As reported in July 2021, the safety incident at Vanderbijlpark Works’ coke-making unit was the primary contributor to the
lower commercial coke production. For 2021, although commercial coke production was 43% lower at 160 000 tonnes,
supplemented with available inventory, sales volumes remained flat at 308 000 tonnes. Sales fell by 40% to 114 000 tonnes
in the second half compared to 193 000 tonnes in the first half of 2021 due to lower inventories and a slower post-incident
production recovery.

Financial results

ArcelorMittal South Africa reported an EBITDA of R8 569 million against R37 million in the previous period, while its
operating profit increased substantially from a loss of R963 million in 2020 to a profit of R7 976 million. The headline
earnings of R6 860 million recovered strongly from a loss of R2 033 million, amounting to a 615 cents per share profit
against a 185 cents loss for 2020.

EBITDA increased by 66% to R5 351 million in the second half, compared to R3 218 million in the first half of 2021.

Revenue increased by 61% to 39 708 million due to a 13% rise in total steel sales volumes and a 47% rise in net realised
steel sales prices. Revenue increased by 14% to R21 112 million in the second half compared to R18 596 million in the first
half of 2021.

The Company’s raw material basket (iron ore, coking coal, and scrap), representing 43% (2020: 41%) of cash cost per
tonne, was 10% higher in rand terms, which is satisfying given the 42% increase in the international raw material basket in
rand terms. This reflects the work done in diversifying the sources of raw materials. Consumables and auxiliaries
represented approximately 30% of cash cost per tonne (2020: 32%), increased by 5%. Electricity tariffs increased by 14%.

Legal and regulatory matters

Safeguard duties
The Safeguard Duties were not extended beyond 10 August 2021.

Competition Commission (the “Commission”)
As previously reported, ArcelorMittal South Africa has been engaging the Commission regarding payment of part of the
administrative penalty, and the progress against the capital expenditure programme. In line with the Settlement Agreement
and as contemplated therein, the Company had no option but to revise its capital expenditure programme commitment, as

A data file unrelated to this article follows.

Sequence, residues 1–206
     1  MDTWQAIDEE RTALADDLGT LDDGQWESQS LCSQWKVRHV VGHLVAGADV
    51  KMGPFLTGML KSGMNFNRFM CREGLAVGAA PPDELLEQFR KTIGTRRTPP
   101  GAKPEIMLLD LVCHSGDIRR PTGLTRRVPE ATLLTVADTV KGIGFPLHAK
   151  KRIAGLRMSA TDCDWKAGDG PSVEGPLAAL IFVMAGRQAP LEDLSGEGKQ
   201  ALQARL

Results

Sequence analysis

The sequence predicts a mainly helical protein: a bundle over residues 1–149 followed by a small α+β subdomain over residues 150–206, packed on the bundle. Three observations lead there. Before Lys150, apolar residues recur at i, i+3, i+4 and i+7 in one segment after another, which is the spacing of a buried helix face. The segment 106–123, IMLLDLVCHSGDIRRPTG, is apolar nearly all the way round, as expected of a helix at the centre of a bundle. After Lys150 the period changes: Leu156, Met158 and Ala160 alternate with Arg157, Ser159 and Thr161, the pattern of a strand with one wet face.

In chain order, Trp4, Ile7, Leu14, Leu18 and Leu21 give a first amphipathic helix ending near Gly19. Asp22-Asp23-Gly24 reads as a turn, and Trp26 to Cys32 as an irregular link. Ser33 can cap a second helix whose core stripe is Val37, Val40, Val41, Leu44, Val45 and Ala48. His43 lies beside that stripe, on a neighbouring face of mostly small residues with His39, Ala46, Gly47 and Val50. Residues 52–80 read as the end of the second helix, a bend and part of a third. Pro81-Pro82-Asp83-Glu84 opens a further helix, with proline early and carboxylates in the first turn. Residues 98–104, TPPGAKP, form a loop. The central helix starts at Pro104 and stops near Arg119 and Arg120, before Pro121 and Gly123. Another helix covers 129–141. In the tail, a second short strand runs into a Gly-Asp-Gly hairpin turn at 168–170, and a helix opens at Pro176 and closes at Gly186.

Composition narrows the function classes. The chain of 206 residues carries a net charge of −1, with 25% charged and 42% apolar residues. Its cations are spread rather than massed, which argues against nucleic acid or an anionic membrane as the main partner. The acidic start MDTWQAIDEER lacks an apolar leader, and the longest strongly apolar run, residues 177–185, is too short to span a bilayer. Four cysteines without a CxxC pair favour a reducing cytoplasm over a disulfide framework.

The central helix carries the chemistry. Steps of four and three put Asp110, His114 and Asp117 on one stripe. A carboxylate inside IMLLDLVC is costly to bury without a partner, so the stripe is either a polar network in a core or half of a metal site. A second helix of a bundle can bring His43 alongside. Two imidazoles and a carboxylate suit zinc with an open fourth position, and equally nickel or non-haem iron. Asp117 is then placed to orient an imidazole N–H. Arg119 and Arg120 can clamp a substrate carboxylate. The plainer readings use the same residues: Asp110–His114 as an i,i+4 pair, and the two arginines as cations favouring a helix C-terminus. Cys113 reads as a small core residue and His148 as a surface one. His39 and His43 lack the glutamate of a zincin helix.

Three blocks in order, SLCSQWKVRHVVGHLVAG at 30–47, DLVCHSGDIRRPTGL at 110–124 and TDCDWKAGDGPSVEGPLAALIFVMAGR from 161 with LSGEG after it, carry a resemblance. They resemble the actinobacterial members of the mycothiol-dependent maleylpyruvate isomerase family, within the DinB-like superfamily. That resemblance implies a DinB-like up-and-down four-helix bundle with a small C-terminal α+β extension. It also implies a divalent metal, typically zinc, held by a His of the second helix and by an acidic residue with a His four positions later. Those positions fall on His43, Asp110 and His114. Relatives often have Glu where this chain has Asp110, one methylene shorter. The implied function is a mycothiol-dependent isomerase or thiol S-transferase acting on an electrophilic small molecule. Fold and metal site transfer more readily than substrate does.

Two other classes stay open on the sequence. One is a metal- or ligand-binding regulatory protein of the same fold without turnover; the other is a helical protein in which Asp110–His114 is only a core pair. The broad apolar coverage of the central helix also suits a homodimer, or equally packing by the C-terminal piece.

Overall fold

previously reported. However, actual capital expenditure for 2021 has been higher than initially planned (but still below the
initial targeted amount) and it should be noted that, although the Settlement Agreement came to an end in November 2021,
the Company’s capital expenditure programme has been revised upwards when compared to previous plans, focusing on
environmental projects, improving quality, maintenance and structural renovations.

In addition, since May 2021, ArcelorMittal South Africa has been engaging with the Commission regarding the Raw Material
Basket methodology for determining Earnings Before Interest and Taxation (EBIT) under the Settlement Agreement, which
may affect the calculation of the EBIT margin. The Company has provided the Commission with supporting information as
requested by it, which is being considered by the Commission. To date, the Commission has not noted any objections to
either the methodology or the EBIT calculations. ArcelorMittal South Africa expects that all outstanding issues relating to
the Settlement Agreement will be resolved after the final compliance report is submitted to the Commission for its evaluation.
Subject to the above, ArcelorMittal South Africa has in all other material respects complied with the Settlement Agreement
entered into with the Commission.

Changes to the board of directors
• Mr Jacob Modise resigned as a non-executive director and as chairman of the audit and risk committee with effect from
26 January 2021.
• Ms Nomavuso Mnxasana, an independent non-executive director and member of the audit and risk committee, was
appointed as chair of the audit and risk committee with effect from 29 January 2021.
• Mr Brian Aranha retired as a non-executive director with effect from 31 March 2021.
• Mr Bradley Davey was appointed as a non-executive director with effect from 1 April 2021.
• Ms Dawn Earp was appointed as an independent director with effect from 1 July 2021.
• Mr Desmond Maharaj, CFO and executive director resigned with effect from 30 September 2021.
• Mrs Suretha van Wyk was appointed as interim CFO and executive director with effect from 1 October 2021.
• The chairman of the Board, Mr Mpho Makwana, as well as Ms Nomavuso Mnxasana, who were appointed as directors